Step 10. Sew your squares together to create your quilt block. You’re done!
August 3, 2011 15 Comments
Wow, I *love* today’s block for the Summer Sampler Series – the Evening Star. Katie has a great looking tutorial over on her blog, so don’t forget to go check it out and then post your blocks to the Flickr group. Simple paper piecing!
I spent the weekend in Cincinnati and stopped at a couple fabric shops along the way. I plan on blogging about them later this week and even have a giveaway which includes a charm pack donated by Sewn Studio and other fabric and goodies I picked up on my trip – so check back probably Thursday for that.
Update: Here’s my block!
August 1, 2011 No Comments
Today is the ninth block for our Summer Sampler Series - the Minnesota quilt block. I was definitely intimidated by the look of this block, but after reading through Lee’s tutorial, it looks easy! I am visiting family in Cincinnati this weekend, so I will have to wait until Monday to make mine though.
Don’t forget to post your block and any questions in the Flickr group!
Update: Here’s my block!
July 29, 2011 2 Comments
Lucky Pieces is the eighth quilt block we are going to make for the Summer Sampler Series. It can be found in Chapter 22 – Eight-Pointed/45 Degree Diamond Stars on Page 455, Block 3752b of Barbara Brackman’s The Encyclopedia Of Pieced Quilt Patterns. It was in the early 1800’s when the Eight-Pointed quilt block pattern appeared. Brackman’s book contains 140 Eight-Pointed/45 Degree Diamond Stars patterns, signifying the abundance and historical popularity of this variety of quilt blocks.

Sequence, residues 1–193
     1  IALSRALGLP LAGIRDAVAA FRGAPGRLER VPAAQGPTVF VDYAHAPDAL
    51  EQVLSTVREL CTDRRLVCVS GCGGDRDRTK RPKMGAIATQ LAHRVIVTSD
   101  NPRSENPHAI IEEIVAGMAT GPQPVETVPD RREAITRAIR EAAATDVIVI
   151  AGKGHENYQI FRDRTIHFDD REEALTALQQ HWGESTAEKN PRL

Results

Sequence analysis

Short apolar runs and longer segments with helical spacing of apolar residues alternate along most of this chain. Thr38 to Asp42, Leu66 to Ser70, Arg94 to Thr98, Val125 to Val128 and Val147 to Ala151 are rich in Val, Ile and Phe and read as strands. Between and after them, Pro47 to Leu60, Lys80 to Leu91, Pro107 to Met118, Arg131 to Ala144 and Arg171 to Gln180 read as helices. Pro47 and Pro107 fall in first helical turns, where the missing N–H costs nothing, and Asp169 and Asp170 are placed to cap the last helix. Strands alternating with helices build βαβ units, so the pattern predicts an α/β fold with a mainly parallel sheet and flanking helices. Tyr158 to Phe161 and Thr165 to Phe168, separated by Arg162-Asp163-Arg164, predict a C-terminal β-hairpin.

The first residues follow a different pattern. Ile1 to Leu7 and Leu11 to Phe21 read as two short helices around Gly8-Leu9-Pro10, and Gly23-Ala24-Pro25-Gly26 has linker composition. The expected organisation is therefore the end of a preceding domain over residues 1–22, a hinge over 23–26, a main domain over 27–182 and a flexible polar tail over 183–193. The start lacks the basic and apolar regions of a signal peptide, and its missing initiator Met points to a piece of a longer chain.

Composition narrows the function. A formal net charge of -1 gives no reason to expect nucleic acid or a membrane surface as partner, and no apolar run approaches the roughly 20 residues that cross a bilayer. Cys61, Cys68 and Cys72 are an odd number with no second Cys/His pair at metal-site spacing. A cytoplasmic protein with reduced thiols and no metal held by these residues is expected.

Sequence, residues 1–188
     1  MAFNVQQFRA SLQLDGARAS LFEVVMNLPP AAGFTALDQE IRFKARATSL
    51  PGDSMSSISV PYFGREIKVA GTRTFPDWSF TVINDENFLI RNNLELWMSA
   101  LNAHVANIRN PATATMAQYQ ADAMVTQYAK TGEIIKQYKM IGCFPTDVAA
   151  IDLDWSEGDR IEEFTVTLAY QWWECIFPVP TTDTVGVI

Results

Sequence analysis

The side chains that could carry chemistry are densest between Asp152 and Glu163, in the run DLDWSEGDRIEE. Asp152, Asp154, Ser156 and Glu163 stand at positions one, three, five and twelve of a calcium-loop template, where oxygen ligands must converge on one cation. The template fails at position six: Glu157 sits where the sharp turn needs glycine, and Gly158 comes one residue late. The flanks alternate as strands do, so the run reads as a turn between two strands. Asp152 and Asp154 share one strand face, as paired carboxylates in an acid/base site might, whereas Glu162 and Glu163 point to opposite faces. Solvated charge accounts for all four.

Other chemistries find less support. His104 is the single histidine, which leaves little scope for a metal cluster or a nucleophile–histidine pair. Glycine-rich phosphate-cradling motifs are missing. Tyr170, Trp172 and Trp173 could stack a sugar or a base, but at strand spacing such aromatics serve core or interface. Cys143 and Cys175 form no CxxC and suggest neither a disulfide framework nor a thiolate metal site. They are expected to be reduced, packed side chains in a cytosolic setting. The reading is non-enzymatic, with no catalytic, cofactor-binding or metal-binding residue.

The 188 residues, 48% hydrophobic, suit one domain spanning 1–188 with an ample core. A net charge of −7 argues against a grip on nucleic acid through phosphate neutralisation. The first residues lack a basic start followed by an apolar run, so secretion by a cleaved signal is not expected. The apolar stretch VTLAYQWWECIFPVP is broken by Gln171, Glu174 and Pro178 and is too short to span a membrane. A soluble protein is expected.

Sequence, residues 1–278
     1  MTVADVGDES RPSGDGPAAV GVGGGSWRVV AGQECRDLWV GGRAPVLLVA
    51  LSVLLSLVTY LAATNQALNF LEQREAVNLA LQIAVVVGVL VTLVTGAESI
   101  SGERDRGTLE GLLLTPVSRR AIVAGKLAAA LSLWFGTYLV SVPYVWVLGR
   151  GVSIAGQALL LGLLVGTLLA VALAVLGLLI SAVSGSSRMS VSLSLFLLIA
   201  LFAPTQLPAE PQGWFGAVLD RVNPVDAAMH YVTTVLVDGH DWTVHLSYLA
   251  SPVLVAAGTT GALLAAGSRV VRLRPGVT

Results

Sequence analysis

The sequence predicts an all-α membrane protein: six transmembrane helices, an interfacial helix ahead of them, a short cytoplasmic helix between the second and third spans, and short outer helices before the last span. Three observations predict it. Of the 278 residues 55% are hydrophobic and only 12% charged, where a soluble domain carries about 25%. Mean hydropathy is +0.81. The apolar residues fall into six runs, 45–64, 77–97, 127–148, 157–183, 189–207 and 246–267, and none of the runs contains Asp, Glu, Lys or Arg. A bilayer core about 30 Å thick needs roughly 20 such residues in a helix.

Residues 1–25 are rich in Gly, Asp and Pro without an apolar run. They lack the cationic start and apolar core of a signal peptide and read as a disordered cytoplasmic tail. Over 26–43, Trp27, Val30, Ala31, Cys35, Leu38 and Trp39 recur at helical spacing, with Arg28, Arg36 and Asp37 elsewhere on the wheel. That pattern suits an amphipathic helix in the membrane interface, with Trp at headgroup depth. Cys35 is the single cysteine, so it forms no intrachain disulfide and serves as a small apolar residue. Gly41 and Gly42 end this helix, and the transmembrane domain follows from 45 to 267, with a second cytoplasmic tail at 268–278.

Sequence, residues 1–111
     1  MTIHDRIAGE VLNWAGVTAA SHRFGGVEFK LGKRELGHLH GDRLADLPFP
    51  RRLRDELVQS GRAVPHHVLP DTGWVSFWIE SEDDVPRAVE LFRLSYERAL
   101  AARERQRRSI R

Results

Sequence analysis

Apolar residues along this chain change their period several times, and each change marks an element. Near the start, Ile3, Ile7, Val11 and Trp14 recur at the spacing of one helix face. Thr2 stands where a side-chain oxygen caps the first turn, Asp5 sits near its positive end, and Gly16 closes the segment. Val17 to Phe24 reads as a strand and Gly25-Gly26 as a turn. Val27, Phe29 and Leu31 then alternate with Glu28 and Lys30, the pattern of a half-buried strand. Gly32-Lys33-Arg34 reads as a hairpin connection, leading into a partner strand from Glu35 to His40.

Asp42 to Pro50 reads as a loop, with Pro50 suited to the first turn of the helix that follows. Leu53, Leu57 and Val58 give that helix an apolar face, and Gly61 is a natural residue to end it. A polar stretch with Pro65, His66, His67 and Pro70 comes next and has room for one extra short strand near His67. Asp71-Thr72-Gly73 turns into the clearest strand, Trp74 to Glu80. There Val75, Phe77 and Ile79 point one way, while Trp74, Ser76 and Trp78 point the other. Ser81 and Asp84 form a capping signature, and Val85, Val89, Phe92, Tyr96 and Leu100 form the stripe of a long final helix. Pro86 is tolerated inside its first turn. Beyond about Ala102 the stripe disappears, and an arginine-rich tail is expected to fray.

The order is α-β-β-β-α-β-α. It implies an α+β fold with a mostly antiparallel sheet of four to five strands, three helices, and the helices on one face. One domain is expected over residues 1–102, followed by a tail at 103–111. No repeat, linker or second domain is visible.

The Lucky Pieces quilt block was first seen in the The Nancy Page Quilt Club, a syndicated column written by Florence LaGanke Harris which appeared in mail order magazines in the 1920’s to the 1930’s. While I was researching Nancy Page, I discovered that by the end of the 1920’s, quilters were looking for more modern patterns and designs. Sound familiar? I love that so many aspects of the “modern quilting movement” today really trace back generations.
The Lucky Pieces quilt block can look different depending on how you lay out your colors. This tutorial uses all half square triangles and the cutting directions below are based on my color layout in the graphic at the top of the blog post. I know we have thrown some challenging blocks at you over the last week, so sit back, relax, and get ready for an easy one!
Lucky Pieces Quilt Block Tutorial
Step 1. Cut your fabric:
|Pattern Piece||Fabric Color|
|Center Pinwheel||Cut 2||4” x 4”||White|
|Center Large Star||Cut 4||4” x 4”||Purple|
|Corners 1||Cut 2||4” x 4”||Dark Turquoise|
|Corners 2||Cut 2||4” x 4”||Pink|
|Background||Cut 6||4” x 4”||Light Turquoise|
Take all of your squares and cut them diagonally into half square triangles.
Step 2. Lay out your HSTs into the design of the quilt block as shown below.
Step 3. Sew each set of HSTs into squares. Trim your squares to 3.5″. Lay out your resulting squares into the design of the quilt block again.
Step 4. Sew your squares together. You’re done!
July 27, 2011 21 Comments